'Disclaimer' - I'm in no way relating this to the the travel/technology company, I mean the German sense of 'Uber' - above, higher - in my meaning excessively applying more of a thing i.e. in an over the top manner!
Last blog we considered the ‘what’ of organisational performance, the appetite and ambition of your strategy. Commonly the strategy will have changed, the mission needs to evolve to overcome the challenges of new forces in the environment, new tactics (channels, markets, products, approaches) must now be found, or created to continue to deliver.
This week we start to look at how that change meets both:
and, the collective mass of your people i.e. the organisation.
That happens via leadership, locally - their immediate line manager and collective the leadership of the firm overall - the levers of change. Both impact the engagement of individuals and the culture of the organisation.
Leaders need to inform (critically) the reasons for the change as well as articulating exactly and compellingly, what that change will deliver - it’s outcomes. Wise leaders will engage their people on deciding quite how we might get there.
As I started this article I quickly realised this will have to be a two parter - there’s so much to cover. So, in this part 1) I’m going to look at what is leadership is and how does it differ from management or my rather tongue in cheek critique of what I refer to as ‘Uber-Management’?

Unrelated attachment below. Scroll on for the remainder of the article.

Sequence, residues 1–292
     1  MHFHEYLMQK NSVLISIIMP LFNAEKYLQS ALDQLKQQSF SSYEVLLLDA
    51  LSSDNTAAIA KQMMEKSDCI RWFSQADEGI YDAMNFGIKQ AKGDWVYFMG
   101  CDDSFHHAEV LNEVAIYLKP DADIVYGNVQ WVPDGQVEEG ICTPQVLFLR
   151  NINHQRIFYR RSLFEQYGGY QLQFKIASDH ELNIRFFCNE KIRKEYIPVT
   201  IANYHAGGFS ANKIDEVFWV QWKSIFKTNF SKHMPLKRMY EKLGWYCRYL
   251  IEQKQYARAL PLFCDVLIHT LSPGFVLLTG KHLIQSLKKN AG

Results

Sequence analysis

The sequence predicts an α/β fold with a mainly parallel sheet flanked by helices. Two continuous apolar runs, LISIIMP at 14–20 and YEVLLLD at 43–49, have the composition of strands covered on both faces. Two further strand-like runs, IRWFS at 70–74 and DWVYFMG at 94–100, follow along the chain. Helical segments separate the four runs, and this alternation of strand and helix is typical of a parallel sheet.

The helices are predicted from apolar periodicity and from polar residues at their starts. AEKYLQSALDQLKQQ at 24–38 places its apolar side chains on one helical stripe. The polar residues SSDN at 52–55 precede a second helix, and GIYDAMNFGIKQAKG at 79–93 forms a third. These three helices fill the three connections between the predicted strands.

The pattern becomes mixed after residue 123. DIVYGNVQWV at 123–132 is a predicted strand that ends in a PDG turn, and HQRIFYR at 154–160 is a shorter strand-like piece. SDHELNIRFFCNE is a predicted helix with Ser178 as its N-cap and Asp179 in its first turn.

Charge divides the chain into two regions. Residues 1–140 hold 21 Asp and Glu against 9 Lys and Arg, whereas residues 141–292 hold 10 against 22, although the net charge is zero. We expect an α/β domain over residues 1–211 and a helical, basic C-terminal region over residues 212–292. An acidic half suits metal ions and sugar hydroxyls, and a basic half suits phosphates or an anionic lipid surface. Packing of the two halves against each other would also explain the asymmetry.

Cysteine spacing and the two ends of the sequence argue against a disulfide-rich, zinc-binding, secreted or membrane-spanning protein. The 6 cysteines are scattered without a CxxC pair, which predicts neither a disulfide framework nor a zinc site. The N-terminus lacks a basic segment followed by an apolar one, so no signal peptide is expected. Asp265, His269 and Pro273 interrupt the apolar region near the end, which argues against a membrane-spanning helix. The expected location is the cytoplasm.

In part 2) we will look at just what engaging leadership is, its benefits and how crucial it is to ‘shifting’ performance? With some tips on tools to help. Hope that is OK! 👍
Before anything else just clarify in your own mind what do you really mean by leadership - are you talking of a behaviour or the occupant of a hierarchical role/position?
Think of a great leader you've had previously what comes to mind? Suspect it's not their title!
A simple definition of a leadership behaviour is when someone is addressing ‘an elephant in the room’, an issue preventing the organisation’s mission being achieved.
The courageous behaviour of drawing everyones attention to ‘what is really going on’, can create a sharp intake of breath. The ‘Emperors nakedness’, the project teams malfunctioning performance or the relationships clearly disintegrating in front of all, are the voiced observations of leaders confirming the reality we all see but most don't mention. Honesty and integrity are key.
Effective leaders usually have a vision of what should more suitably replace that and the wisdom to allow others to work out how to get there.
Daniel Goleman talks of leaders being our “emotional guide’ those with the ability to sway our human emotions having the greatest impact. (The New Leaders - 2002, Sphere)
I’ve experienced senior people in organisations who were highly accomplished and technically excellent, professionals. Sometimes becoming very effective managers, delivering the right project outcomes on time, often known to ‘get the trains running on time’, yet they are not engaging their people, or worse still they leave the damage behind them.